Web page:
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Shure SRH1840 review

Today, we’ll be taking a look at Shure’s SRH1840 open-back studio headphones.

Having been in the industry for nearly 100 years, Shure has more than earned its reputation as a powerhouse in the realm of audio.

Having designed and produced some of the greatest gear in history, our expectations are rather high here.

Let’s see if their new headphones warrant such an extravagant price.

Shure SRH1840 review
SRH1840 headphones / Image credit: Shure

Our verdict on the Shure SRH1840 4.7

Unsurprisingly, the SRH1840s are a fantastic set of headphones. They’re the perfect tool for analytical listening and mixing and mastering, without ever sounding sterile or dull in their reproduction.

While they may be pricier than your average set of cans, they’re definitely worth the expense.

Check availability and current price: SweetwaterAmazon

Power and frequency response 4.5

With an impedance of 65 ohms these are far easier to drive than a great deal of headphones we’ve reviewed. You don’t really need an amp to use these, which can save you money in the short term.

They have a reported frequency response of 10 Hz – 30 kHz. Having tried several pairs of Shure headphones before, we were expecting these to have a forward midrange presence at the expense of bass. Fortunately, we were wrong in our assumption.

The low end is incredibly well-defined and superbly balanced with the overall tonality of the headphones. This heightened how detailed and full the midrange sounded, as it wasn’t bogged down or having to compete with any mud from the bass. Likewise, the high-frequency extension felt wonderful.

We would say that these are neutral and transparent, but this gives the impression that they sound flat – which they don’t.

The SRH1840s have every quality to make them the perfect tool for critical listening and mixing applications, but what’s more impressive is that they don’t sound clinical or sterile.

Build quality 5.0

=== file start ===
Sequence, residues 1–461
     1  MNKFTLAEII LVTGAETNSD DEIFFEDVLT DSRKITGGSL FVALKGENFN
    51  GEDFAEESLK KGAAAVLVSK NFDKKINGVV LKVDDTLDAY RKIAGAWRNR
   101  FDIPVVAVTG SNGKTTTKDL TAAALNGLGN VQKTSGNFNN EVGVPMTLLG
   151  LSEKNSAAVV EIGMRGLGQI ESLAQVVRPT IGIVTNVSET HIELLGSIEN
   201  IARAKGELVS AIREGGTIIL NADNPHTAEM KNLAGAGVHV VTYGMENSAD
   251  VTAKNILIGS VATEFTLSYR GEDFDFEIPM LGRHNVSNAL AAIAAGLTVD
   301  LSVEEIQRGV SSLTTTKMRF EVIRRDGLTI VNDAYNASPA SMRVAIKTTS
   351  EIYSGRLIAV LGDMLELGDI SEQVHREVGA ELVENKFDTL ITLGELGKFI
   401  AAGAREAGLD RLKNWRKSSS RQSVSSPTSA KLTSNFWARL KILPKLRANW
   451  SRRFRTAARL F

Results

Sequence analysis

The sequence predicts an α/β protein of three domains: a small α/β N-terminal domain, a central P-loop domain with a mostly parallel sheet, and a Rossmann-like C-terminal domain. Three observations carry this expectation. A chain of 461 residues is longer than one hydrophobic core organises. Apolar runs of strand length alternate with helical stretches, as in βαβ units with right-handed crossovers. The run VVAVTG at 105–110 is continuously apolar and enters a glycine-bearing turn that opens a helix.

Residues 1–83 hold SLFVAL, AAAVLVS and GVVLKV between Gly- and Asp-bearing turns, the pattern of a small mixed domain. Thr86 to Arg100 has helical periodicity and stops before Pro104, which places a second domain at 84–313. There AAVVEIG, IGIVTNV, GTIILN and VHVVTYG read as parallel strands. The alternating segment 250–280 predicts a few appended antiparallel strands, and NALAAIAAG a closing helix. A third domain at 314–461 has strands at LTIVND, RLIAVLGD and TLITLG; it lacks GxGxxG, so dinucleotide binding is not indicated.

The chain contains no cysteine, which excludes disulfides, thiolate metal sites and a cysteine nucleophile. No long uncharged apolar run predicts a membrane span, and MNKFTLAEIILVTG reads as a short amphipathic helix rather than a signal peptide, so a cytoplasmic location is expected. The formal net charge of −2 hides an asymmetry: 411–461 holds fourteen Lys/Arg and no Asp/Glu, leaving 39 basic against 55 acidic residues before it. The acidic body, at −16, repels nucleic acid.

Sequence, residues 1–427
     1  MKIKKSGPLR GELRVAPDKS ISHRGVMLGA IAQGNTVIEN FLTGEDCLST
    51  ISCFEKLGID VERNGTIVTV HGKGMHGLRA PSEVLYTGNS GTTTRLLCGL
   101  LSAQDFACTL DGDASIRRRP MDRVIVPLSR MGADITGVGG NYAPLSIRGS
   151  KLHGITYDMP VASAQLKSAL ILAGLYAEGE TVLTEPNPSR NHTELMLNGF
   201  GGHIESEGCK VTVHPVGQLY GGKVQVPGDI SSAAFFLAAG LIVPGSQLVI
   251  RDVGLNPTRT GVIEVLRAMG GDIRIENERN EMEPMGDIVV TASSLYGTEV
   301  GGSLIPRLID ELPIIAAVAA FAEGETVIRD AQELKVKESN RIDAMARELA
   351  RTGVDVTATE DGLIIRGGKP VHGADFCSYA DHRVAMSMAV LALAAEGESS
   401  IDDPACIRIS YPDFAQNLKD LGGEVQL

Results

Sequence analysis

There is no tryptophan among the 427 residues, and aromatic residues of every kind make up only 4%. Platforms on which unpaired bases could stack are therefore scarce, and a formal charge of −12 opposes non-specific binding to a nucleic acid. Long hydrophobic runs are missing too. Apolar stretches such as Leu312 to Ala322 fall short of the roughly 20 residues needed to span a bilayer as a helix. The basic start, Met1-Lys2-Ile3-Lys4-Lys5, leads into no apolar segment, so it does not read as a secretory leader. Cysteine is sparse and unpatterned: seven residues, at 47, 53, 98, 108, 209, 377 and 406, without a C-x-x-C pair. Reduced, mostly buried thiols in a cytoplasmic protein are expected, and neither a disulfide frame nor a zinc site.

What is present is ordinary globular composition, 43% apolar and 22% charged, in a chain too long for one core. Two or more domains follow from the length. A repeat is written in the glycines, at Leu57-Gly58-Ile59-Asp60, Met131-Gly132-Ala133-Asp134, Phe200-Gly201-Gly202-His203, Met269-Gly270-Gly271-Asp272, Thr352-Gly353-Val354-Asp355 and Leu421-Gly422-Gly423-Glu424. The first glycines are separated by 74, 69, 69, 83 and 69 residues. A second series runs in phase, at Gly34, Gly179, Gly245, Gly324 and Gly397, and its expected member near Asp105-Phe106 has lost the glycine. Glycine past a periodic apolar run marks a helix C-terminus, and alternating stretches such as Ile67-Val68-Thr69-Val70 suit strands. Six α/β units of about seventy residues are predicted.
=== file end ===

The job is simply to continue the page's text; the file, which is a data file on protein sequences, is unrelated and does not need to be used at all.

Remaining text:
The SRH1840s are shockingly lightweight, yet still feel hardy and durable.

What’s even better in our book, is that these phones have detachable cables – vastly improving their longevity in the studio.

Comfortability 5.0

The ear cups are fairly large, and covered in a plush velour padding which feels incredibly cozy.

This along with their lightweight make them more than comfortable to endure longer running sessions.

Stability 3.5

While these shouldn’t be your headphones of choice for running and exercise (they’re far too expensive for that anyway), the SRH1840s are perfectly stable for their intended purpose.

The detachable cables also ensure that they won’t fly off your head when the cable snags on some equipment as you run around the studio.

Noise cancellation and isolation 2.0

Seeing that these are open-back headphones, they don’t do anything for noise cancellation – but they’re not supposed to anyway.

However, they are strikingly good when it comes to noise pollution. At moderate listening volumes, they can be a valid choice for working in the office.

Accessories 5.0

The SRH1840s come with a hard carrying case, an 1/8″-1/4″ adapter, and two sets of audio cables. We have no complaints here, nor do we have anything to add.

Compared to other studio headphones

While these headphones are terrific, it’s always worth it to have a few more considerations before pulling out your wallet.

Here are a couple alternative options to compare and contrast.

For more great options, check our recommendations for the best headphones for music production and the best budget studio headphones.

Shure SRH1840 vs. Sennheiser HD 600

The SRH1840s are the winner here, hands down. Without getting too bogged down by the details, we’ll just say that you get what you pay for and leave it at that.

Shure SRH1840 vs. Sennheiser HD 660S

These two headphones are equal in quality, despite their differences in sound. The SRH1840s are much warmer, and offer a cleaner bass and more striking high end. The HD 660s are contrastingly clinical sounding.

For us, we prefer the Shure headphones, but either of these are worthy of your investment.

Shure SHR1840 vs. Beyerdynamic DT 1990

Again, we find that the Shures are the better option here. The Beyerdynamics felt fairly shrill to us, but to each their own. The SRH1840s are notably warmer sounding, while the DT 1990s are more “hi-fi”.

They’re both good headphones though, so don’t get caught up if your tastes bring you to Beyerdynamic.

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